In accordance with FDA policy, the Agency will assess the validity of the data and information in all of Ranbaxy’s affected applications which contain data developed at the Paonta Sahib site. . . . This means that the Agency does not intend ordinarily to conduct or to continue its normal substantive scientific review (including review of data and labeling) of any such pending application or supplement, or of any new application or supplemental applications filed after the date of this letter, that contain data developed at the Paonta Sahib site, during a validity assessment of that application.
It is unclear whether Ranbaxy’s inability to obtain final ANDA approval for the company’s ANDA for its generic FLOMAX is due to FDA’s AIP and whether information supporting the ANDA file was generated from the company’s Paonta Sahib facility. This is reportedly the case, but the basis for this report is not known. Because 180-day exclusivity for generic FLOMAX was forfeited when the ‘063 patent expired, the issue of how FDA will handle Ranbaxy’s 180-day exclusivity eligibility for pending ANDAs implicated in the Agency’s AIP will apparently have to be saved for another day.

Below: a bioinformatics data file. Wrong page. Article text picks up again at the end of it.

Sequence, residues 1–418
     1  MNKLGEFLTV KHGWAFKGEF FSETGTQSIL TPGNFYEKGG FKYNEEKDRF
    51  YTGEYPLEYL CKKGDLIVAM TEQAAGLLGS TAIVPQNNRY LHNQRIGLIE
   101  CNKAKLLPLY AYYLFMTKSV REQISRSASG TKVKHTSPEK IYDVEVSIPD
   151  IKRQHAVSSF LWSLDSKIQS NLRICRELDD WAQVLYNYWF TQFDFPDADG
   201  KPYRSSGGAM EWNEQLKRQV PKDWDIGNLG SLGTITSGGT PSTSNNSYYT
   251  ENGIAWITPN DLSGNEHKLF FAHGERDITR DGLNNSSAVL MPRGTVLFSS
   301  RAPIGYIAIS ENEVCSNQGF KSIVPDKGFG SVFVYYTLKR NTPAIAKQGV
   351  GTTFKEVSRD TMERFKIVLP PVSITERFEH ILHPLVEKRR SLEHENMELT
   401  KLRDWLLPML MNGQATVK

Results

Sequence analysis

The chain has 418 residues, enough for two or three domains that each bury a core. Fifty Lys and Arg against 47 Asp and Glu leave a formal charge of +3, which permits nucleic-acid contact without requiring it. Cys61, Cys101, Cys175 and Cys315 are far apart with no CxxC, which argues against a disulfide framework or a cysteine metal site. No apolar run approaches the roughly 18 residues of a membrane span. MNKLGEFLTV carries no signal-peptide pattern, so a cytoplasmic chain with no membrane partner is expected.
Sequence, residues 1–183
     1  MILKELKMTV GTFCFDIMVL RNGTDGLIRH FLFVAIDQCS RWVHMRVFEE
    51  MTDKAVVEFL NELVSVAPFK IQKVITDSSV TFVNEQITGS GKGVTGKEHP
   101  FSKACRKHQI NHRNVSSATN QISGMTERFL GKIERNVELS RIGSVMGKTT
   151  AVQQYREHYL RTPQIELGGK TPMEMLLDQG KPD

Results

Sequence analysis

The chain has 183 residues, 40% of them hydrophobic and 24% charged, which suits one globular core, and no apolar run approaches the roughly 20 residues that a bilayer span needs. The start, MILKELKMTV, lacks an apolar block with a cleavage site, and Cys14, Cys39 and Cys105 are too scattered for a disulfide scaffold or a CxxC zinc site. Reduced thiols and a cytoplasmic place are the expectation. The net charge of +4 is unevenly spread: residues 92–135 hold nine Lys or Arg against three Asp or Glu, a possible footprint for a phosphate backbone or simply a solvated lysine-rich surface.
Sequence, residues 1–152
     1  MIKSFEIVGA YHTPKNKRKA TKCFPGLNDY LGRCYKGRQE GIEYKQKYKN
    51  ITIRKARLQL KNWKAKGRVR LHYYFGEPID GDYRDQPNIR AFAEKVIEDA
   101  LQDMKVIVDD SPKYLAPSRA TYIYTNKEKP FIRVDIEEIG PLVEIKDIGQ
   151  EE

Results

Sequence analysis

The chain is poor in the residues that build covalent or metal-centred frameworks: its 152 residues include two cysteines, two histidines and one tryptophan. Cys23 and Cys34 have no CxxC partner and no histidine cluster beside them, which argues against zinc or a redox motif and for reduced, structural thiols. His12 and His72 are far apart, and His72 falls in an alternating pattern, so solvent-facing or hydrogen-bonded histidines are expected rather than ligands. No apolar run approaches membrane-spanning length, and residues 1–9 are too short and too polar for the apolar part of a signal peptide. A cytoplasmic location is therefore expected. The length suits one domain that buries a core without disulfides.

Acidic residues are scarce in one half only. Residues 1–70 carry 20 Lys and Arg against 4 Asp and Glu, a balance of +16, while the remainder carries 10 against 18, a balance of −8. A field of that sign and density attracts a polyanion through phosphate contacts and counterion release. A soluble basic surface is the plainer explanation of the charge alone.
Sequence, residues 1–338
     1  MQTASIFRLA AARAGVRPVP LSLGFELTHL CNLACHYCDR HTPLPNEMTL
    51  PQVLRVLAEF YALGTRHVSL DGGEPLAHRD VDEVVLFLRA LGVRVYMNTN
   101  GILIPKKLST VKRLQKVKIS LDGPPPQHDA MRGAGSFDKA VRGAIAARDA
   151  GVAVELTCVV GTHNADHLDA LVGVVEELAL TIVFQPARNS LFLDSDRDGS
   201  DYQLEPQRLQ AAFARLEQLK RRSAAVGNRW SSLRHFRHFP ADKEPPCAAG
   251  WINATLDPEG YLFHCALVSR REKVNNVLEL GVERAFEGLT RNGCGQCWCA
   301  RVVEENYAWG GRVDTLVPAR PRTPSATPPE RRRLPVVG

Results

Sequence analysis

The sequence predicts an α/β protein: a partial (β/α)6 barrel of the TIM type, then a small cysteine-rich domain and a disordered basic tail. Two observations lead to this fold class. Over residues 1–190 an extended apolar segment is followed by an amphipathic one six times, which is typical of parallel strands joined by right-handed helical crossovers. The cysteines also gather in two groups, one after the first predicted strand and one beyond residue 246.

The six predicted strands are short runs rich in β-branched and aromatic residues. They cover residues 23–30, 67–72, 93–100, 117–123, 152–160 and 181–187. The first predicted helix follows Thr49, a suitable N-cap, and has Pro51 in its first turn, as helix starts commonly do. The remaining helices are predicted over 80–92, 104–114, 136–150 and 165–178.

Although the Federal Trade Commission is generally opposed to generic drug settlement agreements, and has expressed support for legislation that would ban such agreements, FDA’s approval of ANDA No. 90-377 is a good example of the benefits of such agreements. And it is also a good example of how a settlement agreement and a little bit of luck can take an ANDA applicant from last to first.